The rest days during a tournament can sometimes bring about unwarranted hassles for the team management. This was experienced recently by Sourav Ganguly. His statement about a decent personal score resulting in a victory for the team being preferable to a century without serving the team's purpose was made into a sensational item of news in some quarters. Ganguly's fault was in referring to the number of hundreds made, and that gave room for speculation that he was subtly hinting at Sachin Tendulkar. Ganguly should realise that his statements will be dissected, as he is the captain of the team. Fortunately, Tendulkar was professional enough to disregard all these minor issues.
As the controversy was gradually brewing up, the Indians took on Zimbabwe on Diwali day. Ironically, the match had no real sparks or fireworks to go with the occasion. The inexperience in the Zimbabwean ranks and the irritating habit of the Indians to make heavy weather of things highlighted the day's proceedings.
Ganguly obviously felt confident that his team could chase any total. This prompted him to insert the opponents on winning the toss. The Zimbabweans had only an outside chance of qualifying to the final and as such they made a lot of changes to give it all they had. Grant Flower opened with Alistair Campbell and it was very clear that Flower was out of touch. His frustration led him to charge Prasad and this resulted in his downfall.
Campbell, who has been consistent for Zimbabwe in recent times, played an innings which was a good mixture of caution and aggression. He was not provided adequate support by the middle order batsmen, with exception of Andy Flower. Unfortunately for Zimbabwe, Andy Flower's dismissal signaled the beginning of the end for them. Campell however, continued responsibly and carried the bat. His innings was uncharacteristic as he is a batsman who basically likes to play shots. Campbell's ton gave Zimbabwe's total a hint of respectability. Despte Campbell's effort, the total was not a difficult target to chase by any standard.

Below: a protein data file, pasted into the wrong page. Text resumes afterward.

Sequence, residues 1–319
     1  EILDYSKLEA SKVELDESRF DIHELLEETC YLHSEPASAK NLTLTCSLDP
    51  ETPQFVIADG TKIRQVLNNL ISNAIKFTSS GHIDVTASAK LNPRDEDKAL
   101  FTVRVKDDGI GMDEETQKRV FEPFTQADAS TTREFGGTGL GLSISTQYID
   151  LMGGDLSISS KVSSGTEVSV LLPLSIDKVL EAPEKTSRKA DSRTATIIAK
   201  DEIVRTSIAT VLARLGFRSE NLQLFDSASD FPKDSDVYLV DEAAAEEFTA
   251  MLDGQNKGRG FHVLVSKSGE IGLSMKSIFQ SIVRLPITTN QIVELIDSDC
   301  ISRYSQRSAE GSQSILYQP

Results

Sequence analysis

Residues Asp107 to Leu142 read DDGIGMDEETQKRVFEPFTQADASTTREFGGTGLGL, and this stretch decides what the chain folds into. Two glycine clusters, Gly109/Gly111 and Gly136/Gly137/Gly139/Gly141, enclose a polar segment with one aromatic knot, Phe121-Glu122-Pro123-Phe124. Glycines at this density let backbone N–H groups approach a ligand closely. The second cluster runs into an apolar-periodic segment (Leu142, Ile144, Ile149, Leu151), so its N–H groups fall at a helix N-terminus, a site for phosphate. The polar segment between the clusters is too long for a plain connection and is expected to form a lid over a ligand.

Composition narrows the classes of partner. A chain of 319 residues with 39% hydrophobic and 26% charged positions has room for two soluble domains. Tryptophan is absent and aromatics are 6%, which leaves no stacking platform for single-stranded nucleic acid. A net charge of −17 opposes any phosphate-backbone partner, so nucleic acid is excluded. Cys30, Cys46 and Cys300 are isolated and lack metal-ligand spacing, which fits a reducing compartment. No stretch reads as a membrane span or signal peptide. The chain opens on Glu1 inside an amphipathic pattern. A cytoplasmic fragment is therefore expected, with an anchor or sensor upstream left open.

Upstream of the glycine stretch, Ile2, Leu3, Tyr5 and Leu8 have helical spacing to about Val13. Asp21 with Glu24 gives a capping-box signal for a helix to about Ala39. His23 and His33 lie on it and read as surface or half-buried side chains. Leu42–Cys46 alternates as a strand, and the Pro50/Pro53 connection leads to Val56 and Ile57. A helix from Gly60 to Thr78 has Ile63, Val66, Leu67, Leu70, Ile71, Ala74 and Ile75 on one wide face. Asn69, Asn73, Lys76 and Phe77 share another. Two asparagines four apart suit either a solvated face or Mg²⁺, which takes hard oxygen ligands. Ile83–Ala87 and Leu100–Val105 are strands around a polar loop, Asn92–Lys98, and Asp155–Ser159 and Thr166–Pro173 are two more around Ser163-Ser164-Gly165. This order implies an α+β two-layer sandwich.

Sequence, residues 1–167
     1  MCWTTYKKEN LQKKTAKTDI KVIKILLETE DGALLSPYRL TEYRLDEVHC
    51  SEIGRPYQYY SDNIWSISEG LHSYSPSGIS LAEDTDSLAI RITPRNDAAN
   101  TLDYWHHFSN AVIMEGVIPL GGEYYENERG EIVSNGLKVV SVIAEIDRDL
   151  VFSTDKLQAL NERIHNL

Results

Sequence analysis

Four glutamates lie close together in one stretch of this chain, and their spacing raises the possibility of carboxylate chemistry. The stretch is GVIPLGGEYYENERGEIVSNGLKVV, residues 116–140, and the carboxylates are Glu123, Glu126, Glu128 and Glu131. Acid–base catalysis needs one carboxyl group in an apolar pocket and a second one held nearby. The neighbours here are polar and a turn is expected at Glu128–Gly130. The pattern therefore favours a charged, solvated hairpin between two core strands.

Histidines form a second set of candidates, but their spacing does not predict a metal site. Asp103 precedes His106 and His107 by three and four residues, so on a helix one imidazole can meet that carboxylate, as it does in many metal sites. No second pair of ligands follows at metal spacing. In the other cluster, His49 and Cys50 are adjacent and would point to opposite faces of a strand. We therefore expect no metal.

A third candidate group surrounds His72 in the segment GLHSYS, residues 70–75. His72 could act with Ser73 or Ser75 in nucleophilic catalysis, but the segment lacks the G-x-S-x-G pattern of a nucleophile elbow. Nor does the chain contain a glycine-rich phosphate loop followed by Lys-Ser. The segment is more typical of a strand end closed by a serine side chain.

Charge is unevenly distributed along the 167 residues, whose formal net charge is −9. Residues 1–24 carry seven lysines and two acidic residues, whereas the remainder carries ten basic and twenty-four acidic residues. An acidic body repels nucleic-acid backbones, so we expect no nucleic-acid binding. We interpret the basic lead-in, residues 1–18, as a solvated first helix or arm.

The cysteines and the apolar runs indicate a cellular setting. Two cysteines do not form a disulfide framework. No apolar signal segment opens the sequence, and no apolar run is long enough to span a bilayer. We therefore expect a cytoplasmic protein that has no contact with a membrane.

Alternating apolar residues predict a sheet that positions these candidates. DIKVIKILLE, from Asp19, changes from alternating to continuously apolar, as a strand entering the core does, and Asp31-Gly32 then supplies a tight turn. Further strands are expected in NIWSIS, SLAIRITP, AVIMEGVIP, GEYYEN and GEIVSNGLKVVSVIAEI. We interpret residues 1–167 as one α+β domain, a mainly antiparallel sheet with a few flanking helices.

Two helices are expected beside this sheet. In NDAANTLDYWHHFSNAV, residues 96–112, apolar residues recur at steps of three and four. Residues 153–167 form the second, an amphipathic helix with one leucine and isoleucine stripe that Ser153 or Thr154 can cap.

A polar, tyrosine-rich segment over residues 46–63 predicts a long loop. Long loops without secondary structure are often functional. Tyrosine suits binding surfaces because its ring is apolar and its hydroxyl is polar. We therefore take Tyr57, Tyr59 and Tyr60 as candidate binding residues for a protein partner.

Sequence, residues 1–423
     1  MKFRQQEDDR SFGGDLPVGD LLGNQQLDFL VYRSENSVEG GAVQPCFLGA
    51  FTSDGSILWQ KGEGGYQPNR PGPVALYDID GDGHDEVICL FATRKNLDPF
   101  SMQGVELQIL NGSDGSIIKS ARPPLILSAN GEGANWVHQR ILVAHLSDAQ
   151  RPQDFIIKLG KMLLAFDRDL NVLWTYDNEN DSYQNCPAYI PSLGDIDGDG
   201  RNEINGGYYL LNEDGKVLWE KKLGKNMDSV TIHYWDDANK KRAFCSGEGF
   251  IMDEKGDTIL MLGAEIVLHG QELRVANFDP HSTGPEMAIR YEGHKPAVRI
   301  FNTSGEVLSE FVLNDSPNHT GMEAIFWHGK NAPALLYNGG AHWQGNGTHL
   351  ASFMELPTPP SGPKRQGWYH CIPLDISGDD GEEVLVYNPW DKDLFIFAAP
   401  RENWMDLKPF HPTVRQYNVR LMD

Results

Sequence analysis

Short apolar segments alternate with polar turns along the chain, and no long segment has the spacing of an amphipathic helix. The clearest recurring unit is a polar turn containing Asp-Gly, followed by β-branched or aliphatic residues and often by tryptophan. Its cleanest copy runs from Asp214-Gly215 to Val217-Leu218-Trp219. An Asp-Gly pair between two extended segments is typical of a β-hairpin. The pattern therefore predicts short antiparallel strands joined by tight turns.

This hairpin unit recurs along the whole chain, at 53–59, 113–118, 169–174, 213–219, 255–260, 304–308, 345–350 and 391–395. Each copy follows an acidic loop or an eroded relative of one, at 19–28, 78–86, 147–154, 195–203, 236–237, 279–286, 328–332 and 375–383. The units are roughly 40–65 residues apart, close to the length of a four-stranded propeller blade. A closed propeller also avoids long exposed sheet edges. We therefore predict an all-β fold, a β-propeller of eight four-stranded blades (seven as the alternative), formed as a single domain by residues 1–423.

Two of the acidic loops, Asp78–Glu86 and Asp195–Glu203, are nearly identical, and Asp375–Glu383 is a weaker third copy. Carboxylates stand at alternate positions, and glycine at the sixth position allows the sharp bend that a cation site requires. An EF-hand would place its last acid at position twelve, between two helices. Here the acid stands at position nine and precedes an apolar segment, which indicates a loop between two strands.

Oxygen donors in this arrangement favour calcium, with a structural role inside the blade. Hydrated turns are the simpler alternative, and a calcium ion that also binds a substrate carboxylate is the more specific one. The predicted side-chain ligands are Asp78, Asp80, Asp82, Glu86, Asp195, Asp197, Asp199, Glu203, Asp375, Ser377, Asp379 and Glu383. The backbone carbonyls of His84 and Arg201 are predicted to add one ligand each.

Left arm speedster Zaheer Khan is making his presence felt every time he has the leather sphere in his hands and he once again emerged as the most successful bowler for India. Prasad bowled within himself but showed what experience is all about.
Dravid's injury forced India to start off with the most established opening pair - Ganguly and Tendulkar, with Sriram filling up the vital number three spot. The Indian followers would have expected the match to be more of a formality but the Zimbabweans were determined to give the Indians a run for their money. Tendulkar was dismissed early on, which gave a lot of heart to Heath Streak and his boys. Travis Friend worked up a fair bit of pace as usual and also accounted for Sriram whose mistimed pull was snapped up at fine leg. The Tamil Nadu southpaw would do well to bat normally, as he is capable of keeping the scoreboard ticking over without taking undue risks.
Vinod Kambli, who was given another opportunity to make or break his future in the One-Dayers joined Ganguly out in the middle. He played with aplomb and his partnership with Ganguly consolidated the India innings before Ganguly departed after a responsible knock. At this juncture the Indians had the game in the bag but what transpired shortly was totally unexpected. The Singh twins, Yuvraj and Robin departed in quick succession that made the game evenly poised. Kambli, involved in the mix up with Robin Singh, soon played an indiscrete shot, and he too perished.
Vijay Dahiya and Sunil Joshi stemmed the rot, and played sensibly. Their partnership was vital since an early dismissal of either would have made life miserable for the Indians. Dahiya departed playing a typical One-Day shot and Agarkar's positive attitude ensured a victory for the Indians. The tailenders once again contributed for the Indians and this is one area in which they were found wanting in the past. As for Zimbabwe, they can take heart from the fact that a very promising mediumpacer, Travis Friend, has come along very well.